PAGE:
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The Office of Graduate Studies is here to help faculty and graduate students succeed in their programs of study, research and creative endeavors. We also look forward to helping graduate students develop novel partnerships among ourselves as well as with the community and the private sector. Throughout the year, our office sponsors workshops on career preparation, teaching and grant writing for both students and faculty.

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Upcoming Events

 

Faculty Workshop: Graduate Advisor and Mentoring Workshop - October 27th - For more information and to register click here.

 

 

 

Graduate Student Success Workshop Series Special Speaker and Panel Night

October 20th 2014

Reading Room Second Floor of Campus Center

Special Speaker at 4 p.m.

Chip Sheffield

“The Virtues of Critical Thought and Its Importance for Graduate Education”

Critical thinking is often characterized by certain core abilities (evaluation, identification, synthesis, recognition and critique, as well as effective communication).  It has also been described in terms of certain underlying attitudes (introspection and self-reflection, continuous questioning, and a commitment to core intellectual virtues such as civility, humility, empathy, integrity, and courage).  Critical thinking demands accountability and curiosity.  It requires that one take responsibility for one’s beliefs and values, and engage actively in the world.  While intellectual rigor, logical argumentation, and rational judgment are vital, they must not occur in isolation from the broader lived world.  Critical thinking need not always be drily cerebral, but it should demonstrate agility, and admit the playful and ironic.  What is criticality?  Does it always necessarily imply a refinement, improvement or sharpening of the issue under consideration?  What are the implications of the belief that “thinking critically is the quintessence of what it means to be truly alive in the fullest sense of the term?”  This talk will examine such questions, and underscore their significance, especially for graduate education at RIT.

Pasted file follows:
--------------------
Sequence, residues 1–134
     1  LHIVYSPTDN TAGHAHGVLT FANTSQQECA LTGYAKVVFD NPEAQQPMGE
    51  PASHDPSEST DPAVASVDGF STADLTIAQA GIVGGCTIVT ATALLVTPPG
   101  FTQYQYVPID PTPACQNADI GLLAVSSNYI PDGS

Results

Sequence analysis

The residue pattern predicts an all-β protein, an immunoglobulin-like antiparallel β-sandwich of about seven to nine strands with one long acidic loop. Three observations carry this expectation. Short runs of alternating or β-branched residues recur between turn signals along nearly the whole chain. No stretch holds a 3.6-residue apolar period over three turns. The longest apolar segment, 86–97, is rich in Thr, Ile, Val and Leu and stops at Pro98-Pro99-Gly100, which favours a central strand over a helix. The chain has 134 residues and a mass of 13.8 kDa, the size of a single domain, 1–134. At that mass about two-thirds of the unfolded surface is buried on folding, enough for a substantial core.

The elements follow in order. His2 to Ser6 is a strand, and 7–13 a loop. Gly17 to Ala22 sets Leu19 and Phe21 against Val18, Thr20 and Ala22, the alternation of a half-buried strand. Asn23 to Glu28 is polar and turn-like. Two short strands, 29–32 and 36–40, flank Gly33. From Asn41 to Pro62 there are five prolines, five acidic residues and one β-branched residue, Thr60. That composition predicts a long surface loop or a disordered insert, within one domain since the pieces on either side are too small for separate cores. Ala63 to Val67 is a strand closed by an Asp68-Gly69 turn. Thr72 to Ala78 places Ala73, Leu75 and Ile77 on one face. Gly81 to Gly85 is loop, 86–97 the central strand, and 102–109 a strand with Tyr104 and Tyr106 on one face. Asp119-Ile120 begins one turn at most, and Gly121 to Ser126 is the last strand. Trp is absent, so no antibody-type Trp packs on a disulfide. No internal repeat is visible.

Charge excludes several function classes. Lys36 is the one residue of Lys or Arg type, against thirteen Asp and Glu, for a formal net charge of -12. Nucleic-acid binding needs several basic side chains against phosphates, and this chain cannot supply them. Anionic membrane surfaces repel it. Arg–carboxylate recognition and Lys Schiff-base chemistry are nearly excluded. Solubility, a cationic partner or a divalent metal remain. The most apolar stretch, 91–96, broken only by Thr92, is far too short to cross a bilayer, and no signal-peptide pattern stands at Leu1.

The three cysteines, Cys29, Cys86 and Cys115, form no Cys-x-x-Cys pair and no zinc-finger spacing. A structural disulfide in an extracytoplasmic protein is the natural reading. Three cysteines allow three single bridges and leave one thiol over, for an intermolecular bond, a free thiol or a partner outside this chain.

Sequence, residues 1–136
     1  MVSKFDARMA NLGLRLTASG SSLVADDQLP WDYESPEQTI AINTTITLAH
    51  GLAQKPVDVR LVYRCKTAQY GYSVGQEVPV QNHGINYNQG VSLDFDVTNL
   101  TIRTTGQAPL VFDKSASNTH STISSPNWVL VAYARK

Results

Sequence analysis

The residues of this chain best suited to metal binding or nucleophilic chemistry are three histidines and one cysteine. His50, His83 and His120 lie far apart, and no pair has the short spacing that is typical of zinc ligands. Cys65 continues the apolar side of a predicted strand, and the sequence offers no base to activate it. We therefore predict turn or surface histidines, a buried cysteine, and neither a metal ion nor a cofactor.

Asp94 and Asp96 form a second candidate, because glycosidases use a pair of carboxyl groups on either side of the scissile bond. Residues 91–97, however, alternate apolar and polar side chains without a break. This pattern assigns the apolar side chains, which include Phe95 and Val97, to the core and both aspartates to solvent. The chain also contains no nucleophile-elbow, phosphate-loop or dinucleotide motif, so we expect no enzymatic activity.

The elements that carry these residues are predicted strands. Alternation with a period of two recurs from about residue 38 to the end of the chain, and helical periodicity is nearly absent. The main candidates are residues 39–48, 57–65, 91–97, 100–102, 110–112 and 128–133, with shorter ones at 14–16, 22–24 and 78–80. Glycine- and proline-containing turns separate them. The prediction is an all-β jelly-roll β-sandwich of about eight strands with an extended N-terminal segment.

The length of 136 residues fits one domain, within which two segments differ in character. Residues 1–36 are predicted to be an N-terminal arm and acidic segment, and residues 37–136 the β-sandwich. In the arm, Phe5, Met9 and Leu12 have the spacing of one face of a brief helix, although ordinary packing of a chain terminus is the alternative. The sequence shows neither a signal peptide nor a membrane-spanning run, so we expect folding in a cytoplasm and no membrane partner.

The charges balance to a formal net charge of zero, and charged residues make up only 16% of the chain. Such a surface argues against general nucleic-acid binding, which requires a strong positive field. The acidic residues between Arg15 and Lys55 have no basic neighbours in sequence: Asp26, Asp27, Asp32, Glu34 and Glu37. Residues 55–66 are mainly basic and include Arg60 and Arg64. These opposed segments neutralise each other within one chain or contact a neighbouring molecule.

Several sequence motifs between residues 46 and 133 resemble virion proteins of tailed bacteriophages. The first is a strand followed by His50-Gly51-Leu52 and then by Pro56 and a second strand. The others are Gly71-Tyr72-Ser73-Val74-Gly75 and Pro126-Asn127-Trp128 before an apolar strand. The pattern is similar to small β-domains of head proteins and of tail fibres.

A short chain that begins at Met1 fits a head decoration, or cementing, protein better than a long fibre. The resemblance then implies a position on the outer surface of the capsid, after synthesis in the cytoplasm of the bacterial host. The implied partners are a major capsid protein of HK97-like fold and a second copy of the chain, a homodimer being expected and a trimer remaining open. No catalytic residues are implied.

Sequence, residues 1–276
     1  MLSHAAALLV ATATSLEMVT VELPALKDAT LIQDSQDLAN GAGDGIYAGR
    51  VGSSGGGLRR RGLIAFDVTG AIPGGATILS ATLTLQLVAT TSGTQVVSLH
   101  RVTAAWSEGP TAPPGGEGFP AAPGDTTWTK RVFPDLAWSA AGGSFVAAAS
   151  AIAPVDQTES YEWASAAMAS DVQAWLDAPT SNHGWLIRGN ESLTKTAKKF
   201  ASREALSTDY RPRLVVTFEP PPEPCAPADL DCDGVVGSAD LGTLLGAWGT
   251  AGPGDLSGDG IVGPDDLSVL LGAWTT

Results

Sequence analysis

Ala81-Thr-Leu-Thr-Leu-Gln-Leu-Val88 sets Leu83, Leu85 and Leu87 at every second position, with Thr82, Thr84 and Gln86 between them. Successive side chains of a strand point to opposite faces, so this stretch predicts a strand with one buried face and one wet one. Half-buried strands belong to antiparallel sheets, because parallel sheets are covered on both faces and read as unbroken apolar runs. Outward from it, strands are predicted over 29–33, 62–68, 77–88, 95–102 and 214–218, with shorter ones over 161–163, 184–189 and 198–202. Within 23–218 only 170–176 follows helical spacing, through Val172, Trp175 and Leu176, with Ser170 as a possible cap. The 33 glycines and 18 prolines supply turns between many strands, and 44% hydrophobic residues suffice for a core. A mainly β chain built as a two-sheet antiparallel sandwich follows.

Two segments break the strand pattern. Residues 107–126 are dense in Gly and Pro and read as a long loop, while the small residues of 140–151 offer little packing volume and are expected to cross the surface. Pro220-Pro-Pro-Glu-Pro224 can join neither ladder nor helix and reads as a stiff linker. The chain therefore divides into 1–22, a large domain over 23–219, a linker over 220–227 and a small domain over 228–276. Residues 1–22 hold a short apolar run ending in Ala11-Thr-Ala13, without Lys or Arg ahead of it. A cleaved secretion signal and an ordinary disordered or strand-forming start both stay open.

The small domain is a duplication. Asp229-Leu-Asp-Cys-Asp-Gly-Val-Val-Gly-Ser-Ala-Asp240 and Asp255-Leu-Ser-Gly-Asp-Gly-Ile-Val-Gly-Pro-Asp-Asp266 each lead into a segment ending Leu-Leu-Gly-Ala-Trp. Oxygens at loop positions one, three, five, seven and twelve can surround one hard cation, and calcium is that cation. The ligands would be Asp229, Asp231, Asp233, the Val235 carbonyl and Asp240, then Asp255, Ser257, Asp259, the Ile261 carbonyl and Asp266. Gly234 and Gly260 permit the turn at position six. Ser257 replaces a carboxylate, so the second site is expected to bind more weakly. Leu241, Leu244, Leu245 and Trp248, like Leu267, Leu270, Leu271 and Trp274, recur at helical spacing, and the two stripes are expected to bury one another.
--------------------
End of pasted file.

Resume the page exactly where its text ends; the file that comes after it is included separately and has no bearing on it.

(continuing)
Clarence B. Sheffield, Jr. "Chip" is the Eugene H. Fram Chair in Applied Critical Thinking at RIT. He was trained as a modern art historian at Bryn Mawr, with a particular interest in the theory, criticism, and history of visual and material culture. His field of special scholarly expertise is Scandinavian Modernism--very broadly construed to include art, architecture, design, film and literature. He is an associate professor in RIT's College of Imaging Arts and Sciences. He majored in philosophy as an undergraduate, and has had a deep and abiding interest in philosophy and critical inquiry for much of his academic career.

 

REGISTER for this special speaker here

 

 

 

Aetna Student Health Insurance Information Session for Ph.D. students only

Tuesday October 21st,  11 a.m. - 12:15 p.m.

Please sign up here

 

Ph.D. in Computing and Information Sciences Info Sessions for Fall 2014 Click here for more information

 

T.A. Workshops

The Office of Graduate Studies will be offering a series of workshops for those students who are working as Teaching Assistants or who are interested in being a Teaching Assistant in the future

If you are interested in attending this series please sign up here for emails on the upcoming workshops

 

To read about upcoming events check out

Assistant Dean Rauncie Ryan's Blog

http://ritgraduatestudentsuccess.blogspot.com/

 

 

 

 

 

Strategic Plan

A Strategic Plan for Graduate Education at RIT: Innovative Student-Centered Excellence with global relevance.

See PDF

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